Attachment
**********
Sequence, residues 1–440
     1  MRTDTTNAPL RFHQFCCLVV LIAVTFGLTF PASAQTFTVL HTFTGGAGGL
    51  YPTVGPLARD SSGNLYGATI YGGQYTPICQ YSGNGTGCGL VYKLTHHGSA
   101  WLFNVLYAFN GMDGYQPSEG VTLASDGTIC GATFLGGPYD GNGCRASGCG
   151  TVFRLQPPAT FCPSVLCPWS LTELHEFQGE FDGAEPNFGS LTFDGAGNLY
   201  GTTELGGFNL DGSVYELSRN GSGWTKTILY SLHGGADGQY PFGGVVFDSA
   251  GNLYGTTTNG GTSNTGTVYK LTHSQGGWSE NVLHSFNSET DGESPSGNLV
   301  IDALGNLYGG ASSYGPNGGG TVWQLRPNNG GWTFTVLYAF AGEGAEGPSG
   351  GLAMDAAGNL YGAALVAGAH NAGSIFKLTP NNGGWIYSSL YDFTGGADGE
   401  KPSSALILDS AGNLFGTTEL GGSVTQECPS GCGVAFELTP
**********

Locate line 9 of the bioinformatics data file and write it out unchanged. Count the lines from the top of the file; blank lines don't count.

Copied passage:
   351  GLAMDAAGNL YGAALVAGAH NAGSIFKLTP NNGGWIYSSL YDFTGGADGE